In Geekbench 3, which measures overall system performance, the C40 scored 2,476. That's about 40 percent slower than the 3,486 showing by the Acer Aspire Z3-605 (powered by an Intel Pentium 2127U CPU, 4GB of RAM and a 1TB HDD) and a massive 2.5 times slower than the 6,209 by the Intel Core-i3 powered Lenovo C560 Touch (6,209) and the all-in-one average of 6,471.

When we used Open Office to pair 20,000 names and addresses, the C40 completed the match in 18 minutes and 6 seconds. This was significantly longer than the Aspire Z3-605 (8:03), the all-in-one average (6:48) and the C560 Touch (4:33).

The one place the C40 didn't fall flat was on our file-transfer test. The PC's 1TB, 7200-rpm HDD moved 4.97GB of mixed media files in 1 minute and 27 seconds for a transfer rate of 58.5 MBps. That's just a bit faster than the Aspire Z3-605's 54.2 MBps and the C560 Touch's 45 MBps, both of which also feature 1TB, 7,200-rpm HDDs.


With the C40's AMD ATI Radeon R4 integrated graphics, the casual trading card game Hearthstone: Heroes of Warcraft generally ran smooth at 1920 x 1080 and medium settings.

However, I noticed some lag during more-intense spell animations. But when I tried to play anything more graphically demanding, such as League of Legends, at the same settings, I had a hard time trying to keep frame rates above our 30 fps playability threshold.

In 3DMark's Fire Strike graphics benchmark, the C40 scored 452. That's slightly higher than the Aspire Z3-605 (435 with Intel HD 4000 graphics), but lower than the C560 Touch (597 with Intel HD 4400 graphics) and half the all-in-one average of 1,139. When playing World of Warcraft at 1920 x 1080 and auto settings, the C40 struggled heavily, managing only 18 fps. While the Aspire Z3-605 didn't fare much better, at 20 fps, the C560 Touch produced a playable 35 fps at the same settings.

Software and OS

Lenovo must think families enjoy plodding through bloatware, because there's quite a bit of it installed alongside Windows 8.1. There are useful apps such as Lenovo's Nitro Pro 9, a PDF-reader alternative to Adobe Acrobat, and Power 2 Go for burning CDs and DVDs. But then there's junk like Fruits, which is a children's matching game in need of a little more time on the vine. There's even an app that's literally called Collage of Waste Materials, which is a half-baked learning app that simply pairs a handful of nature terms with artsy composite pictures.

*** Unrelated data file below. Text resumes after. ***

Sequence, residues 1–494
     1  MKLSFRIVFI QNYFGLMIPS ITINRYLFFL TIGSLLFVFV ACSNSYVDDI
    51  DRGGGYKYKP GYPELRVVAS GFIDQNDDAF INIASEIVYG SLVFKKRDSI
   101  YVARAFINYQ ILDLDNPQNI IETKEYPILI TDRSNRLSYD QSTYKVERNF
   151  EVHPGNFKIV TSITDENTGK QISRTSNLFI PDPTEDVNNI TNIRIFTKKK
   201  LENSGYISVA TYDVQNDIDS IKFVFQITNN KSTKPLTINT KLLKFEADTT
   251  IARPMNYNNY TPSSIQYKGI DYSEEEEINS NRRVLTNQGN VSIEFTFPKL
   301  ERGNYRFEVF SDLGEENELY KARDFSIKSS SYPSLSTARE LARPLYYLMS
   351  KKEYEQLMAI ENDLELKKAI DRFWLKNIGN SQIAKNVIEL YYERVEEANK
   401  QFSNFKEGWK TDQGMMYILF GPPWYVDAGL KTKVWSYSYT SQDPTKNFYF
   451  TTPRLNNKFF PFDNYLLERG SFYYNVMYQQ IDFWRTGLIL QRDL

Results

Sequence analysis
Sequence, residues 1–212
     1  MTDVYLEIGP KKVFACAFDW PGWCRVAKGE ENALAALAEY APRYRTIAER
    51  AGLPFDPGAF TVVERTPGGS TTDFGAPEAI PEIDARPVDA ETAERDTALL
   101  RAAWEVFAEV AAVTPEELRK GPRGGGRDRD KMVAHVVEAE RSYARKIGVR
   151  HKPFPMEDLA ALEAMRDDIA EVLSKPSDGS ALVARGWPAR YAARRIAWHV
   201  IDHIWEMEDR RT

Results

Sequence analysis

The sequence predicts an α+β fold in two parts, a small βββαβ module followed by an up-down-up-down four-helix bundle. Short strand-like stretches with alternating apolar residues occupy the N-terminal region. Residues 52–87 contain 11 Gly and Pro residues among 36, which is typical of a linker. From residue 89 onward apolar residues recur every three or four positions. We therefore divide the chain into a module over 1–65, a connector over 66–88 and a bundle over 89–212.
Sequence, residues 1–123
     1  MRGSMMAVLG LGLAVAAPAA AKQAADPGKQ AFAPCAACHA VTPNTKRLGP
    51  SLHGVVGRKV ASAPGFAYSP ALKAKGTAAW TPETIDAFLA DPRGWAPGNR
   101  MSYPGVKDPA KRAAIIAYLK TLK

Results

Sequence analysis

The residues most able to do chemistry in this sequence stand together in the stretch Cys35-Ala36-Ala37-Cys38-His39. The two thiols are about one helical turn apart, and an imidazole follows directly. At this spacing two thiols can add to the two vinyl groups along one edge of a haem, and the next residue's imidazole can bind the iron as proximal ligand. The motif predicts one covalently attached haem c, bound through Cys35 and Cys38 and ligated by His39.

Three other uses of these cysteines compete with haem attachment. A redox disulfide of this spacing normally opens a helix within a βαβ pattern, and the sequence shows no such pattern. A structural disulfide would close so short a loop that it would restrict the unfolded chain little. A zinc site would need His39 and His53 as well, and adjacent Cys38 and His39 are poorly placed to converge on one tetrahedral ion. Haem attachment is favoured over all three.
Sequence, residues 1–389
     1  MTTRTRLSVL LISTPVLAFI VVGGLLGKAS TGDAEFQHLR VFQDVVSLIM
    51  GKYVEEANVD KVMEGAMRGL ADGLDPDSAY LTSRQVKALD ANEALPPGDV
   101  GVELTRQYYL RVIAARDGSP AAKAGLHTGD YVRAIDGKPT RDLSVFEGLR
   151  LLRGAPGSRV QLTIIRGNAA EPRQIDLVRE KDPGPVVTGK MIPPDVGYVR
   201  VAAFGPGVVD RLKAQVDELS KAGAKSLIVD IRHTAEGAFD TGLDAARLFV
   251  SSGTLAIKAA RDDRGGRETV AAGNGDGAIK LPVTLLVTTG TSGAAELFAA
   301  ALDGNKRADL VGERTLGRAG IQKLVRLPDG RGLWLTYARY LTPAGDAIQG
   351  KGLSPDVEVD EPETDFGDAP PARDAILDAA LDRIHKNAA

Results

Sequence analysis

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Lenovo also includes the Maxthon Cloud Browser, which helps you manage cloud storage accounts. This, however, is already made redundant by Lenovo's own superior REACHit app, which does the same thing with more functionality.


The C40 comes in three models, starting at $430 for an AMD A4-6210 CPU, 4GB of RAM and a 500GB HDD. Our midrange review unit features an AMD A6-6310 CPU, 8GB of RAM and 1TB HDD, and comes with a suggested retail price of $600, although I've seen it go as low as $450 on Amazon. The high-end model tops out at $680 for an AMD A8-7410 CPU, 8GB of RAM and a 2TB HDD. All C40 models come with a 21.5-inch, 1920 x 1080 touch screen and a DVD drive.

Bottom Line

At a suggested $600, the Lenovo C40 is a device I would normally pass on, due to its less-than-stellar performance. However, if you can find it for under $500, Lenovo's package of an AMD-A6 CPU, 8GB of RAM and a 1TB HDD starts to make a lot of sense. The HDMI-in port also adds value and longevity, because you'll be able to use the screen as a stand-alone monitor long after the rest of the PC has become slow and decrepit. Those concerned with speed would be better off with the Intel Core i3-powered C560 Touch, but if you can find the C40 at a good price, it is an acceptable alternative.


Operating System: Windows 8.1
CPU: 1.8GHz quad core AMD A6-6310 processor
Display Size: 21.5
Native Resolution: 1920 x 1080
Graphics Card: AMD ATI Radeon R4
Video Memory: Shared
Hard Drive Size: 1 TB
Hard Drive Speed: 7,200rpm
Hard Drive Type: SATA Hard Drive
Optical Drive: DVD /- RW
Ports (excluding USB): Microphone, HDMI-in, USB 2.0, Headphone, Ethernet, Smart Card Reader, HDMI-out, USB 3.0
USB Ports: 5
Card Slots: 6-1 card reader
Wi-Fi: 802.11ac
Bluetooth: Bluetooth 4.0
Size: 20.9 x 14.2 x 2
Warranty/Support: Standard one-year warranty


Overall Performance (Geekbench 3): 2476
Hard Drive Speed: 58.50
Spreadsheet Performance: 18:05
Display Brightness (Nits): 202
3DMark Fire Strike: 452
Graphics Performance (3DMark): 28601

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Sam is a Senior Writer at Engadget and previously worked at Gizmodo as a Senior Reporter. Before that, he worked at Tom's Guide and Laptop Mag as a Staff Writer and Senior Product Review Analyst, overseeing benchmarks and testing for countless product reviews. He was also an archery instructor and a penguin trainer too (really).